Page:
When asked about her thoughts on using expensive gourmet salt, Julia Child once responded, in her down to earth way, that “salt is salt.” Well, she was right—to a point. Sodium chloride, also known as salt, common salt, table salt, or halite, is an ionic compound with the chemical formula NaCI. It is present in all types of salt—sea salt, rock salt, kosher salt, iodized table salt, etc. Dissolved into a liquid, most salts taste much the same although sea salt has additional minerals, some table salt is “Iodized” by adding a minute amount of various iodine-containing salts, which can theoretically change the taste. When is Julia’s theory that all salts are basically equal not true? In the finish…..
When using salt to finish a dish, the salinity is a given—you put salt on something to impart a salty flavor—but what you also give the food is added texture, crunch and visual appeal. That is when all salts are not created equal. My favorite salt to use to finish food is Maldon Salt which consists of crispy flakes of pure sea salt made since Roman times in the eastern coast of England. According to their website, they have been operating out of the same traditional black Essex weather-board buildings as they did back in 1882, and Maldon Salt remains an enduring symbol of English manufacturing. It is one of only a few family-run businesses with a global reputation and its sights set on being around for another 200 years. Because Maldon Salt is still hand harvested in the traditional manner, there will always be a limit to the amount that can be produced. Frequently production is outstripped by demand as its popularity with chefs grows.
There are other fine sea salts on the market: the French Fleur de Sel with its distinctive gray tint, the Portuguese Flor de Sal and a host of others all have devoted followings. I, however, have exclusively used Maldon salt ever since I was introduced to it in England years ago. My sister-in-law who lives only a few miles from the town of Maldon in Essex never sends a package from England without including a box of Maldon Salt (thank you, Rhonda!). Unlike some sea salts that can actually be slightly damp, Maldon Salt is large, white dry flakes that can be sprinkled on whole, or crumbled between the fingers for a finer flake.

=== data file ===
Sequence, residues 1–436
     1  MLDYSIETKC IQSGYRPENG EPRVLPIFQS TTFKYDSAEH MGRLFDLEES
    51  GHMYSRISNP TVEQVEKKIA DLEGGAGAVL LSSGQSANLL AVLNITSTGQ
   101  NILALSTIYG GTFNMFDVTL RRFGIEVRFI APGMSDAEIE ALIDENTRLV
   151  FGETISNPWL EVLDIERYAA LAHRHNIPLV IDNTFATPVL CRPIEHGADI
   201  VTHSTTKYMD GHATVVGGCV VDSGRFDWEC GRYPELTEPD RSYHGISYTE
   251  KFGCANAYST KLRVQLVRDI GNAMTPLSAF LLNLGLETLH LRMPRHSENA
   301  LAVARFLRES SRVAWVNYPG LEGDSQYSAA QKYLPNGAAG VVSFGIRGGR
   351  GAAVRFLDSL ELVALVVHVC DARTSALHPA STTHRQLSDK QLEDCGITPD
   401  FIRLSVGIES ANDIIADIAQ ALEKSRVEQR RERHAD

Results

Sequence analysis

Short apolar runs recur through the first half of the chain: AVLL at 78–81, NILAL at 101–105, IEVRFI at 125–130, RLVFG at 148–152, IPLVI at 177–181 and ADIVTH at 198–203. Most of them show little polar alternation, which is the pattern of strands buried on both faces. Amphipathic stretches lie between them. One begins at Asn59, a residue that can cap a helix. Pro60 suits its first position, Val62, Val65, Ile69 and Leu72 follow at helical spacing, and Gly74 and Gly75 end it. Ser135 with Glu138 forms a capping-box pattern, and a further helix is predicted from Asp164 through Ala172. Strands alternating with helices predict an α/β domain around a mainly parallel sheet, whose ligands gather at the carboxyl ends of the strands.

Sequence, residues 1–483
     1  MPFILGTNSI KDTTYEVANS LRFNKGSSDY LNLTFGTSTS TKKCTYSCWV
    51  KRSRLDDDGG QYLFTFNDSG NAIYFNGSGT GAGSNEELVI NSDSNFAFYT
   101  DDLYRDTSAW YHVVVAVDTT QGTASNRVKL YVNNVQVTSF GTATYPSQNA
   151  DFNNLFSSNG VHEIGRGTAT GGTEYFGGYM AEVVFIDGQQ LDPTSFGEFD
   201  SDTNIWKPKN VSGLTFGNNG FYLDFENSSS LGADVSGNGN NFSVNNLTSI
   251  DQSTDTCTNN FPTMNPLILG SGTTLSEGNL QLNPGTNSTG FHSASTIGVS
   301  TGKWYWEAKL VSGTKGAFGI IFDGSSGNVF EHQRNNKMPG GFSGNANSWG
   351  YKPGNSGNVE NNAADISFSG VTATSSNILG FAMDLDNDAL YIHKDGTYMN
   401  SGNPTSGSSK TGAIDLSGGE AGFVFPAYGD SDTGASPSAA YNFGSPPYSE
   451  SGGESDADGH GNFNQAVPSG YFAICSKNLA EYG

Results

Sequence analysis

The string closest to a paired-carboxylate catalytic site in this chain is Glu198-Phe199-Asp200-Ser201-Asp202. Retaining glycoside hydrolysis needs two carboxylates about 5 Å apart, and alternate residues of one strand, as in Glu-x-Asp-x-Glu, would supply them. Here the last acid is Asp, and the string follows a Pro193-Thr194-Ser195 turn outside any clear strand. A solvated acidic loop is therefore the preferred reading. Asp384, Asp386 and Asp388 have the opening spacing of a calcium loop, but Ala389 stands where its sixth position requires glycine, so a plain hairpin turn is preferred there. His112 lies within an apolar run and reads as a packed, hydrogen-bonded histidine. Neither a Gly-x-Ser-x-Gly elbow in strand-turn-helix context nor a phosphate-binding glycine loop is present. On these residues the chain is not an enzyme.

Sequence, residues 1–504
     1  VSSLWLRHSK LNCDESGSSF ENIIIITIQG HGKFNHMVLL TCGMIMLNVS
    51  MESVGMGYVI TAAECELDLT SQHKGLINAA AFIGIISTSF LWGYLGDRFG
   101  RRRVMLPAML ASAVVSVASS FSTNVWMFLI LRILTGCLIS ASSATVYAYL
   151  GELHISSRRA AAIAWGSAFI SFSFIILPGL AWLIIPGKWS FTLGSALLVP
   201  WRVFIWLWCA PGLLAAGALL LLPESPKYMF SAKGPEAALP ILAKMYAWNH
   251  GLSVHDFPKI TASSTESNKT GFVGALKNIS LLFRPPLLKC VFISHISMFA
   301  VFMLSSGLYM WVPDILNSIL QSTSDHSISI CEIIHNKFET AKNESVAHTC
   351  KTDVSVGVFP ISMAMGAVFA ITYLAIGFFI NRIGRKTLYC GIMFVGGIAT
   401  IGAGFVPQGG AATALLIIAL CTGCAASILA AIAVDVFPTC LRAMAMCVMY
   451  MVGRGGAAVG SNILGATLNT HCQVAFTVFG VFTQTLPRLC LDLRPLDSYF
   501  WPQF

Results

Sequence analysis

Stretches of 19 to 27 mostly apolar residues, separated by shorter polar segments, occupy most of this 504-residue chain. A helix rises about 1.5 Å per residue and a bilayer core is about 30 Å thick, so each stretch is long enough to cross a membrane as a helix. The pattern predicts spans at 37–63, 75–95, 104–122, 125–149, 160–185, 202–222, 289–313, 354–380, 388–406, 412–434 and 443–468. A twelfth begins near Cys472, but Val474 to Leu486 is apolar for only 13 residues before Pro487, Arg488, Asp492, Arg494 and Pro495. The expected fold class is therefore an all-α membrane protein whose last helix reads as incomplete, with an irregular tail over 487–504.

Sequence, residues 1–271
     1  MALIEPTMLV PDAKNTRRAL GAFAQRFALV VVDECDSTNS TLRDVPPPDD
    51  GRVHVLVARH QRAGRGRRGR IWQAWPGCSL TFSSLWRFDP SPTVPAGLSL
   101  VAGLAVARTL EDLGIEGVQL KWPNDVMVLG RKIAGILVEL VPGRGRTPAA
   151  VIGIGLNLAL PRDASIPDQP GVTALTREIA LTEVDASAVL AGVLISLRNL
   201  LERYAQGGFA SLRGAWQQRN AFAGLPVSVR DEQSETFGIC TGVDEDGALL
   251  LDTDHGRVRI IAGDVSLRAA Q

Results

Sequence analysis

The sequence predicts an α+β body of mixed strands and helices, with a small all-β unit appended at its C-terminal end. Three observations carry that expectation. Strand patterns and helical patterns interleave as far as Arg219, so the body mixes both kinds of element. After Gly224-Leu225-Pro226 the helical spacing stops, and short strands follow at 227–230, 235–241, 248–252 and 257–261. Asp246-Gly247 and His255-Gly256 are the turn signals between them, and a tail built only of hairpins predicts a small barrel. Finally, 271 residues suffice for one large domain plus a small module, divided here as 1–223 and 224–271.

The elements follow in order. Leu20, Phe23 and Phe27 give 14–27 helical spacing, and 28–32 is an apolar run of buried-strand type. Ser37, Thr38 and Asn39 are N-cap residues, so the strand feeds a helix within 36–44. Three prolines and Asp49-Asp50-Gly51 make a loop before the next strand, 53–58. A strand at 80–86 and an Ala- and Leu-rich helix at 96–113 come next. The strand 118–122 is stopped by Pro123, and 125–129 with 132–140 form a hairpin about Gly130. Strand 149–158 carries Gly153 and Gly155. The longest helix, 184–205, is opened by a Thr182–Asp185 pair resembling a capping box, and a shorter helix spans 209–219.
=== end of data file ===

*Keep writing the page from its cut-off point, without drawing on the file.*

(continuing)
While I almost never use it cooked into food (after all, “salt is salt” and I’d hate to waste it) I love to use it as the final touch before sending a dish to the table. A sprinkle of Maldon Salt over freshly roasted, balsamic-drizzled asparagus is delicious. Similarly, freshly sautéed vegetables, pasta dishes, eggs and grilled meats all benefit from the crunchy texture and salty finish that a sprinkle of Maldon Salt imparts. In England you can get pottery holders called “salt pigs” to hold your salt, keeping it fresh but handy—you reach in to the open pig’s snout to get to your salt. Keeping with the British theme, I keep mine in an old ceramic jar from Boot’s and it always out on my kitchen counter. I should point out that I do not believe in over-salting food, preferring to leave that to the discretion of the diner. Maldon Salt also comes in a smoked version.